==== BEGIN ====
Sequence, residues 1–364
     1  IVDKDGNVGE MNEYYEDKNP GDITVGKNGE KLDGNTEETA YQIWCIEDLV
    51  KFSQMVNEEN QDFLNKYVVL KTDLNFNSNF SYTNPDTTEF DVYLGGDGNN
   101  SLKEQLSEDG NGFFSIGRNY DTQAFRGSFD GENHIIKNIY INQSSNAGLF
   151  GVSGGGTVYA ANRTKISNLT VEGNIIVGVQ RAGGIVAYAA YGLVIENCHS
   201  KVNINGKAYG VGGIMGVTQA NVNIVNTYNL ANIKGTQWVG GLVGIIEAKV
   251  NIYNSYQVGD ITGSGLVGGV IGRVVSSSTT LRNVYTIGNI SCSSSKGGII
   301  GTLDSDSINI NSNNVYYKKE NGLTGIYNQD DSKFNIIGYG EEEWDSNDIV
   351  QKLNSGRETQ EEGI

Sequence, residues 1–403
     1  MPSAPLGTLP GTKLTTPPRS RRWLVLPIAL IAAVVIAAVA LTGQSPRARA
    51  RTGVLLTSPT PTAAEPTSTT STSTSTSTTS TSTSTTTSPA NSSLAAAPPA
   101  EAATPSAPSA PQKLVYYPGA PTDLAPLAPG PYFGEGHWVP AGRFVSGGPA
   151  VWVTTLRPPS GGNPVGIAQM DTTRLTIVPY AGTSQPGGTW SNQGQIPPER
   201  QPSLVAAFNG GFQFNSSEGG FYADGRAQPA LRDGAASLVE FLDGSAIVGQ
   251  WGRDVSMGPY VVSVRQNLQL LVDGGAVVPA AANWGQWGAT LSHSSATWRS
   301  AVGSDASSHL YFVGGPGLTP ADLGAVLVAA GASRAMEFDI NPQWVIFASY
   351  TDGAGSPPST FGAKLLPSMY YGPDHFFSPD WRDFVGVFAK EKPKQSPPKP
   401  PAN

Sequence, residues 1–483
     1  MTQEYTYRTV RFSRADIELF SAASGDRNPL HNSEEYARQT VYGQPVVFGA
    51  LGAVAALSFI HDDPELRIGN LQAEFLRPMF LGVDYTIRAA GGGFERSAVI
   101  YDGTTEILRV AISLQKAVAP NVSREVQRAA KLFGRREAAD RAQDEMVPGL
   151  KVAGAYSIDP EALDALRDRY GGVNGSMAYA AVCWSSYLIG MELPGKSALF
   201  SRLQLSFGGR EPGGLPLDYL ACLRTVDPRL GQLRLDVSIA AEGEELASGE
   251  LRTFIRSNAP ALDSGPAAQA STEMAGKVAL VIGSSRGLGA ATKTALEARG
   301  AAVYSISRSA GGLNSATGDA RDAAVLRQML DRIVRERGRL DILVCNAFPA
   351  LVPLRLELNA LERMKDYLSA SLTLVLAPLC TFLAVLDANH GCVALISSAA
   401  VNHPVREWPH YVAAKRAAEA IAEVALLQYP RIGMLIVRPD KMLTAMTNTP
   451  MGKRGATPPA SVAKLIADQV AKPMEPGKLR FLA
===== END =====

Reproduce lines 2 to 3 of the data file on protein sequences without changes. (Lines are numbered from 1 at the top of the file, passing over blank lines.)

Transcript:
     1  IVDKDGNVGE MNEYYEDKNP GDITVGKNGE KLDGNTEETA YQIWCIEDLV
    51  KFSQMVNEEN QDFLNKYVVL KTDLNFNSNF SYTNPDTTEF DVYLGGDGNN